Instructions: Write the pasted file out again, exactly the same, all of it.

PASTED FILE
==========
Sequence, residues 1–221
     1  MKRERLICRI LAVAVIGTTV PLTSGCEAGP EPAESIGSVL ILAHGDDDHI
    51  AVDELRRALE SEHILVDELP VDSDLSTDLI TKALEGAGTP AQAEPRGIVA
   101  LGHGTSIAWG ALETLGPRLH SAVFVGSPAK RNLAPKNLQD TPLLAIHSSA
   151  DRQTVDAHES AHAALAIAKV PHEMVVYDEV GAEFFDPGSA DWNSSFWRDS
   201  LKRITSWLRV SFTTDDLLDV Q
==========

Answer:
Sequence, residues 1–221
     1  MKRERLICRI LAVAVIGTTV PLTSGCEAGP EPAESIGSVL ILAHGDDDHI
    51  AVDELRRALE SEHILVDELP VDSDLSTDLI TKALEGAGTP AQAEPRGIVA
   101  LGHGTSIAWG ALETLGPRLH SAVFVGSPAK RNLAPKNLQD TPLLAIHSSA
   151  DRQTVDAHES AHAALAIAKV PHEMVVYDEV GAEFFDPGSA DWNSSFWRDS
   201  LKRITSWLRV SFTTDDLLDV Q